2023 5th International Conference on Computer, Software Engineering and Applications
Prof. Kin-Choong Yow, University of Regina, Canada
Kin-Choong Yow obtained
his B.Eng (Elect) with 1st Class Honours from the
National University of Singapore in 1993, and his Ph.D.
from Cambridge University, UK in 1998. He joined the
University of Regina in September 2018, where he is
presently a Professor in the Faculty of Engineering and
Applied Science. Prior to joining UofR, he was an
Associate Professor in the Gwangju Institute of Science
and Technology (GIST), Republic of Korea, (2013-2018),
Professor at the Shenzhen Institutes of Advanced
Technology (SIAT), P.R. China (2012-2013), and Associate
Professor at the Nanyang Technological University (NTU),
Singapore (1998-2013). In 1999-2005, he served as the
Sub-Dean of Computer Engineering in NTU, and in
2006-2008, he served as the Associate Dean of Admissions
Kin-Choong Yow’s research interest is in Artificial General Intelligence and Smart Environments. Artificial General Intelligence (AGI) is a higher form of Machine Intelligence (or Artificial Intelligence) where the intelligent agent (or machine) is able to successfully perform any intellectual task that a human being can. Kin-Choong Yow has published over 100 top quality international journal and conference papers, and he has served as reviewer for a number of premier journals and conferences, including the IEEE Wireless Communications and the IEEE Transactions on Education. He has been invited to give presentations at various scientific meetings and workshops, such as ACIRS, in 2018 and 2019; ICSPIC, in 2018; and ICATME, in 2021. He is the Editor-in-Chief of the Journal of Advances in Information Technology (JAIT), a Managing Editor of the International Journal of Information Technology (IntJIT), and a Guest Editor of MDPI Applied Sciences. He is also a member of APEGS and ACM, and a senior member with the IEEE.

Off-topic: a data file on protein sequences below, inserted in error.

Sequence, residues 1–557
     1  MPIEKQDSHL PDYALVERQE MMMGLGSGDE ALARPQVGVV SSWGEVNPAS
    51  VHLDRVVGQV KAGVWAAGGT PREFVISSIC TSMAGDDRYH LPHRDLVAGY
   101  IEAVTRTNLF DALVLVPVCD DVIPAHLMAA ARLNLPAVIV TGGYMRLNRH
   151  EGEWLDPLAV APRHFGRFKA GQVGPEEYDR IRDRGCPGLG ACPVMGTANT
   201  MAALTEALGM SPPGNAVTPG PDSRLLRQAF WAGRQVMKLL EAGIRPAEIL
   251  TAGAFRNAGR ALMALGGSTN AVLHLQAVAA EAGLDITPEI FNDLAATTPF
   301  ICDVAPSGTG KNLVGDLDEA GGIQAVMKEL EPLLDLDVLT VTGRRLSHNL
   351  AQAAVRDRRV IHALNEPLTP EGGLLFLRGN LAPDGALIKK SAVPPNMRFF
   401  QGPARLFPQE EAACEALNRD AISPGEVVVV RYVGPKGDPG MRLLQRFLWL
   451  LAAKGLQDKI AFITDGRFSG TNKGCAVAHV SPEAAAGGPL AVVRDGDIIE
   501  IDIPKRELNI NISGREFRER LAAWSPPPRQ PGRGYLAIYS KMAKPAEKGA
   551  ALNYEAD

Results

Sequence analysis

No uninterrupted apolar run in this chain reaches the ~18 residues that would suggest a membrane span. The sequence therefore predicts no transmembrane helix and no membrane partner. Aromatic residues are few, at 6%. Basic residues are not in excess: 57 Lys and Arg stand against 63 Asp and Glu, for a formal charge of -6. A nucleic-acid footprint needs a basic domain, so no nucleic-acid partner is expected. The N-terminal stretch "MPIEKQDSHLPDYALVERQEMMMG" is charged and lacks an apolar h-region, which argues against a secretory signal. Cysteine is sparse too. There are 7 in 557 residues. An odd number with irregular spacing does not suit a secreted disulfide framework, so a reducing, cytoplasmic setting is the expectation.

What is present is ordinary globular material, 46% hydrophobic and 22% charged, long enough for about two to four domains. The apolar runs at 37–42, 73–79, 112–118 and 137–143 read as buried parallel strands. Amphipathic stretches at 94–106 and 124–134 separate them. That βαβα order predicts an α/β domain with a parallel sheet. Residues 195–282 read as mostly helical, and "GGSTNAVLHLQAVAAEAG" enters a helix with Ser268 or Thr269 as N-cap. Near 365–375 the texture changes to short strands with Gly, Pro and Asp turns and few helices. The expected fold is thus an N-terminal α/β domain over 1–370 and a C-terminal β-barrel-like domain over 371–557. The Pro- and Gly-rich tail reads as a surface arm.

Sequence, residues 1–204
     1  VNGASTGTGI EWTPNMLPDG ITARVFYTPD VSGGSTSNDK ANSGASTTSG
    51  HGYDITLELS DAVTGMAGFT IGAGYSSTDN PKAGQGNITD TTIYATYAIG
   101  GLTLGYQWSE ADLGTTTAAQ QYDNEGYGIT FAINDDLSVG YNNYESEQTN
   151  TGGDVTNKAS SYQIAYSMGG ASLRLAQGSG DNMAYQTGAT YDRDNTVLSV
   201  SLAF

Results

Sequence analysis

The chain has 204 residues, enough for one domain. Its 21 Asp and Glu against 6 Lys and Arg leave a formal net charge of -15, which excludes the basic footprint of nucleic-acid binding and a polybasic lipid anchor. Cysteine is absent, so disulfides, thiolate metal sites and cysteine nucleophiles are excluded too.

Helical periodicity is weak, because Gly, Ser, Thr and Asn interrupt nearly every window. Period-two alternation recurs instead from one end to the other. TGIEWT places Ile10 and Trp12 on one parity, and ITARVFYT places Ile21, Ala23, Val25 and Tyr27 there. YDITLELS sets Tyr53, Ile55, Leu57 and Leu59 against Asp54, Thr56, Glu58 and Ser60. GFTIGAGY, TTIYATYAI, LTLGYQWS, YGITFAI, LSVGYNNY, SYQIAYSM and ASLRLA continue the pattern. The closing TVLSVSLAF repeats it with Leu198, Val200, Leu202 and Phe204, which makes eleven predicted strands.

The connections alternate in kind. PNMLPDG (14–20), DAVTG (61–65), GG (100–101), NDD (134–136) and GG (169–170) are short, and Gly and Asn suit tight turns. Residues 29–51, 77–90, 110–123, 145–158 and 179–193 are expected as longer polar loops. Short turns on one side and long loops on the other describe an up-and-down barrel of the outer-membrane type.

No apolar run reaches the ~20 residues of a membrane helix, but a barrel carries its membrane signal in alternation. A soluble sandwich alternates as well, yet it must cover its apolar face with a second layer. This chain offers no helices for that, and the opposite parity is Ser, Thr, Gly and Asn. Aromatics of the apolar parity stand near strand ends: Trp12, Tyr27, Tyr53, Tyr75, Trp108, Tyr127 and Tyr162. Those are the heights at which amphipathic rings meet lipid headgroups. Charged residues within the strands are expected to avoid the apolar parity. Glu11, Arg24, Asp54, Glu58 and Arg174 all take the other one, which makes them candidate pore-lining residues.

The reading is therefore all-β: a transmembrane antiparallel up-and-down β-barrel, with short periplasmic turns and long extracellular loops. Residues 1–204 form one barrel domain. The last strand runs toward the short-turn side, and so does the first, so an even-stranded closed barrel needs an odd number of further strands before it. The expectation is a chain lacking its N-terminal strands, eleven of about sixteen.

Title: Network Intrusion Detection via Flow-to-Image Conversion and Deep Neural Network Classification
In recent years, computer networks have become an indispensable part of our life, and these networks are vulnerable to various types of network attacks, compromising the security of our data and the freedom of our communications. In this talk, we will first discuss the state-of-the-art approaches in network intrusion detection, and then we will discuss a new intrusion detection approach that uses image conversion from network data flow to produce an RGB image that can be classified using advanced deep learning models. We will show how we can use various feature extraction algorithms to identify important features in the data, and then use a windowing and overlapping mechanism to convert the varying input size to a standard size image for the classifier. We will then show how we can use deep neural network classifiers such as the AlexNet and the Vision Transfomer (ViT) classifier to classify the resulting image. Our experimental results show that this approach can achieve better classification rates than existing approaches.